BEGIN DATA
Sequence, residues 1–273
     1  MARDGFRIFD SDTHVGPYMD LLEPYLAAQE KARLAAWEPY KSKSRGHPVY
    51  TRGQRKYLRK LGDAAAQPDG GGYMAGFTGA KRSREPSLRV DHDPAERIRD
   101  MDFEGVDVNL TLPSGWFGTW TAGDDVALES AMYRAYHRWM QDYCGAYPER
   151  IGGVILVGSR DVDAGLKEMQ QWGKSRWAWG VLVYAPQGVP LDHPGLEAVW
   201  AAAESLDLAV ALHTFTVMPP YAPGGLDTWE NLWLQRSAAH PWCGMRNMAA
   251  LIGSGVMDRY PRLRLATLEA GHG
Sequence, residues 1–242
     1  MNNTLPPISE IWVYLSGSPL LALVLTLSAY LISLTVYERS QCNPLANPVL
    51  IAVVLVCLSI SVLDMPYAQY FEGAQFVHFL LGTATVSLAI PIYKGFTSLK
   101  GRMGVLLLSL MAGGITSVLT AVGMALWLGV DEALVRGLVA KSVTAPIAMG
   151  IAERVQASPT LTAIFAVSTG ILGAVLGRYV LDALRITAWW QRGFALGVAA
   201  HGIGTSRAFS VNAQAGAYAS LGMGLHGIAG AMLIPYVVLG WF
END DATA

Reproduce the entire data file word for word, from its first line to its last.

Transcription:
Sequence, residues 1–273
     1  MARDGFRIFD SDTHVGPYMD LLEPYLAAQE KARLAAWEPY KSKSRGHPVY
    51  TRGQRKYLRK LGDAAAQPDG GGYMAGFTGA KRSREPSLRV DHDPAERIRD
   101  MDFEGVDVNL TLPSGWFGTW TAGDDVALES AMYRAYHRWM QDYCGAYPER
   151  IGGVILVGSR DVDAGLKEMQ QWGKSRWAWG VLVYAPQGVP LDHPGLEAVW
   201  AAAESLDLAV ALHTFTVMPP YAPGGLDTWE NLWLQRSAAH PWCGMRNMAA
   251  LIGSGVMDRY PRLRLATLEA GHG
Sequence, residues 1–242
     1  MNNTLPPISE IWVYLSGSPL LALVLTLSAY LISLTVYERS QCNPLANPVL
    51  IAVVLVCLSI SVLDMPYAQY FEGAQFVHFL LGTATVSLAI PIYKGFTSLK
   101  GRMGVLLLSL MAGGITSVLT AVGMALWLGV DEALVRGLVA KSVTAPIAMG
   151  IAERVQASPT LTAIFAVSTG ILGAVLGRYV LDALRITAWW QRGFALGVAA
   201  HGIGTSRAFS VNAQAGAYAS LGMGLHGIAG AMLIPYVVLG WF